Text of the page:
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List of mines in Nova Scotia

This list is incomplete; you can help by adding missing items. (March 2012)

This list of mines in Nova Scotia, Canada is subsidiary to the list of mines and list of mines in Canada articles. This list includes working, defunct and future mines in the country and is organised by the primary mineral output. For practical purposes stone, marble and other quarries may be included in this list.


Mine Coordinates Town Owner Dates Comments
Springhill coalfield 45°40′N 64°4′W Springhill, Nova Scotia A.V. Roe Canada Company Ltd. ????-1958 Coal was so prevalent in the town that "there was a time when men got coal out of their backyards; shallow pits were found everywhere. In recent years, there have been instances when a homeowner would step out of his door only to find a big gaping hole where his driveway had been. Another part of an old mine had caved in."[1]
Westray Mine 45°33′14″N 062°38′44″W Plymouth, Pictou County, Nova Scotia Curragh Resources 1991-1992 It was the site of an underground methane explosion on May 9, 1992. The explosion resulted in the deaths of all 26 miners who were working underground at the time.[2]
Pioneer Coal Mine 45°33′56.5″N 62°40′30.4″W Stellarton Pioneer Coal Currently open Pioneer Coal is in the process of winding down mine operations at this site, which has been supplying coal to Nova Scotia Power. They are in search of new sources of coal in the province and have submitted a proposal in Pictou County[3]
Donkin Mine 46.1815 N

59.8746° W

Donkin Cline Group LLC Reopened in 2017, closed again in 2020. The 2020 closure was a result of adverse geologic conditions in the mine. The closure resulted in approximately 150 jobs lost[4]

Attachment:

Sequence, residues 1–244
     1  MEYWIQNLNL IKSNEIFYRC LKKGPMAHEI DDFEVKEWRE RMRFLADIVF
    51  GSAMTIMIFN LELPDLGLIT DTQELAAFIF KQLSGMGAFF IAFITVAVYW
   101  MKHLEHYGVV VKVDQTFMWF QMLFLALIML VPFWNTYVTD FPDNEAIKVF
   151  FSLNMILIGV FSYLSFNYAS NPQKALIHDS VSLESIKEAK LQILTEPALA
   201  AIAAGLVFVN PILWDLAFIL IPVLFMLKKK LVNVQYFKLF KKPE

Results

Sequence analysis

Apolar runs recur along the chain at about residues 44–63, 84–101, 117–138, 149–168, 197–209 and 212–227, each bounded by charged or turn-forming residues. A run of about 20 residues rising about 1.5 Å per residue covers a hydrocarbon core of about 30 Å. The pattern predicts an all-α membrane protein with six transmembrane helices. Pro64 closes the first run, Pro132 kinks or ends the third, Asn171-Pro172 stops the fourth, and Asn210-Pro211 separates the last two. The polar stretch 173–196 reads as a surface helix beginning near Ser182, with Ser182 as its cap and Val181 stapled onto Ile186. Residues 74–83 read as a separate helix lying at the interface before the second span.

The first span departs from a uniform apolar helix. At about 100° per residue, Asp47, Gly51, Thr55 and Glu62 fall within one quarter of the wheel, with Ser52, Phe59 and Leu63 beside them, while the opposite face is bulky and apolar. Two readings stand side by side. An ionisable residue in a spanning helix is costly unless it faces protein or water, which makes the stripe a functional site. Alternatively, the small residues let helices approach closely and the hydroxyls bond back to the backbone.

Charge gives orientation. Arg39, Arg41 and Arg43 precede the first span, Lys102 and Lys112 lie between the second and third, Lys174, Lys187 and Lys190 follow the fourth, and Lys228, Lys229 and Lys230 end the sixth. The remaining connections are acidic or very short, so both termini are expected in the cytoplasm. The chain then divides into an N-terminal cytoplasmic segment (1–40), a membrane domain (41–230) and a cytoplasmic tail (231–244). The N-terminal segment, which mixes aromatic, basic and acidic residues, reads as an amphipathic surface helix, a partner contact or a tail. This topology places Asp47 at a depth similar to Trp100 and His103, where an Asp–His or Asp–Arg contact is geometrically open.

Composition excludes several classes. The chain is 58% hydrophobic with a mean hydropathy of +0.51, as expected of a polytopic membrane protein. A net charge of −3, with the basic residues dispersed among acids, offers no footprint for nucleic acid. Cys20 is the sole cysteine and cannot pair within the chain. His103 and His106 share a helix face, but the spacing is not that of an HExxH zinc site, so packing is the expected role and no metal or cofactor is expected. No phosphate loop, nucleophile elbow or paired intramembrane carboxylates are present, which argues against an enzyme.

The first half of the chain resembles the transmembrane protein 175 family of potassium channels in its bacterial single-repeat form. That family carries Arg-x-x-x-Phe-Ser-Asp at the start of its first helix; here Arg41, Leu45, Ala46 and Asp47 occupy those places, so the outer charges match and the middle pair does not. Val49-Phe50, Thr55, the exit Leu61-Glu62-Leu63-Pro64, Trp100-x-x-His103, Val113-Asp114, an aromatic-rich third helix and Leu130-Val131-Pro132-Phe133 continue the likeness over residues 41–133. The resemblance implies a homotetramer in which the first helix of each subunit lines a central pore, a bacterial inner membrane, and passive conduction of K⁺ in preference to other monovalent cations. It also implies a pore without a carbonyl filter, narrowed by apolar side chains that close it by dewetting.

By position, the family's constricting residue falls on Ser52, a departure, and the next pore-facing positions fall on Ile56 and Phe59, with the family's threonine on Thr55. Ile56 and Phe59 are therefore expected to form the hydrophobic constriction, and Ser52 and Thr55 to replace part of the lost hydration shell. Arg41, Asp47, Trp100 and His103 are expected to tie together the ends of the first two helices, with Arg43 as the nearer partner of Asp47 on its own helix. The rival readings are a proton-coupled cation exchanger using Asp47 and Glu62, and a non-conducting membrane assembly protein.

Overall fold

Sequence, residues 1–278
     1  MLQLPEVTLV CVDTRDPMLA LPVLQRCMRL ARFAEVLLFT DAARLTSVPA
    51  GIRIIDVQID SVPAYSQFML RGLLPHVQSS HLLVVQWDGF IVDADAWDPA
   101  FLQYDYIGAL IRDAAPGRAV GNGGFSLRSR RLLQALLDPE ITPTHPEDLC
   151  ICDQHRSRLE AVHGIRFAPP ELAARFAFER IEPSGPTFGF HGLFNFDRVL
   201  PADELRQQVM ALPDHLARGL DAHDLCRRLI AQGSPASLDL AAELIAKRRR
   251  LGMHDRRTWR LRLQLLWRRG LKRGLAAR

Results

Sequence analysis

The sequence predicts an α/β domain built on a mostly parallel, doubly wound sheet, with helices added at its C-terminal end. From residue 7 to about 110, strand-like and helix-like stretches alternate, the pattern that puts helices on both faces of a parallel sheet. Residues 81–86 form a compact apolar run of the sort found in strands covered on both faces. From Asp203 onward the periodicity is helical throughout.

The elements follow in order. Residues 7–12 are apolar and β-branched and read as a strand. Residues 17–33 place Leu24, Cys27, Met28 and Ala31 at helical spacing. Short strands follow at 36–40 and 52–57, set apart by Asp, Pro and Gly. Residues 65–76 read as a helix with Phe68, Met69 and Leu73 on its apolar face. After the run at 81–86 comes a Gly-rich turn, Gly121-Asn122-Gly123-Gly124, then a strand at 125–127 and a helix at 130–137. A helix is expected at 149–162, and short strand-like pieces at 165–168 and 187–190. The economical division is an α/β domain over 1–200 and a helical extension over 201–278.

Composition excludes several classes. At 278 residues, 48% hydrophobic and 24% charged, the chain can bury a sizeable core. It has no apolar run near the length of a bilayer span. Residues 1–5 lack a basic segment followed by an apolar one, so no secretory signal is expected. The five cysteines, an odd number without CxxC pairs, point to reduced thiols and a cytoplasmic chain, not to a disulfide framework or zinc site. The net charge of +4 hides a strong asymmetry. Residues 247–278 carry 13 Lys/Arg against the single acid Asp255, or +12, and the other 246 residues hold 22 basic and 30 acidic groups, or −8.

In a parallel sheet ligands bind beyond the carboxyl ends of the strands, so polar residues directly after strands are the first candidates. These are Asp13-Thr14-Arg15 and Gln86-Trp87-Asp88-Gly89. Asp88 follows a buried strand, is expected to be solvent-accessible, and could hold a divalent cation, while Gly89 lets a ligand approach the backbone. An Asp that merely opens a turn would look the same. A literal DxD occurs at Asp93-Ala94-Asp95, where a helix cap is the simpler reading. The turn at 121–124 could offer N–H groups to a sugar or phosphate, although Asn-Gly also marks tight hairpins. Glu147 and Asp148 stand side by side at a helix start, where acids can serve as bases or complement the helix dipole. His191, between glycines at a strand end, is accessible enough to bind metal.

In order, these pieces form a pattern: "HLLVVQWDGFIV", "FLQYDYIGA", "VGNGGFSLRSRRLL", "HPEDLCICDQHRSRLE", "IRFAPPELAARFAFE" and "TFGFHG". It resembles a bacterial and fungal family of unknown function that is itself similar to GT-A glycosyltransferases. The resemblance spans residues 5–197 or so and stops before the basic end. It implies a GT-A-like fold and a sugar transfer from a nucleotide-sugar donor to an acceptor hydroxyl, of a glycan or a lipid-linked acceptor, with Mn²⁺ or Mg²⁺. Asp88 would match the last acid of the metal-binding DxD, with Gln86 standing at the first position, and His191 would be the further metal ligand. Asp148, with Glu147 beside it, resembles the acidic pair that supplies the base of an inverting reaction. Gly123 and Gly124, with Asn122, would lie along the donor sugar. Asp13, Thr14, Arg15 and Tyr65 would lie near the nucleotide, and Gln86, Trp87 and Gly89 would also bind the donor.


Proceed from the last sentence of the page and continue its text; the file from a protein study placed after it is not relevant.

Mine Coordinates Town Owner Dates Comments
Catcha Lake 44°44′09″N 63°11′40″W / 44.73583°N 63.19444°W / 44.73583; -63.19444 Halifax Regional Municipality Acadian Gold Corporation 1882–Present The report indicated that 20,734 tons of ore had been crushed to date, resulting in the recovery of 22,757 ounces of gold valued at that time at $19.00 per ton WJW.

Today the Acadian Gold Corporation controls approximately 6.4 kilometres of strike length on this structure and is planning to drill for samples in the future .

Moose River Gold Mine 44°59′03″N 62°56′34″W Moose River Acadian Gold Corporation 2017–present The Moose River operation currently provides full-time employment to over 300 Nova Scotians, plus indirect and contractor positions. In its first year alone, the mine produced over 90,000 ounces of gold.[5]

As of March 25, 2019, the Moose River operation had a combined estimate of 1.9 million ounces of gold in reserve at a grade of 1.12 grams per tonne.[6]

Abandoned Mines

The Nova Scotia Department of Natural Resources created the Abandoned Mine Openings Database, which is an inventory of abandoned mine workings from both underground operations and advanced exploration in the province. In the database, over 600 mining areas have been identified, consisting of over 7,000 shafts, adits, slopes, trenches, and associated underground workings which are or once were open to the surface. The database is updated regularly whenever locations are visited, or new mine openings are identified. The inventory can be filtered by mine opening name, mine opening type, location, claim, reference map, landowner type, commodity mined, county, name of vein or seam, hazard degree and by mine opening original depth.[7]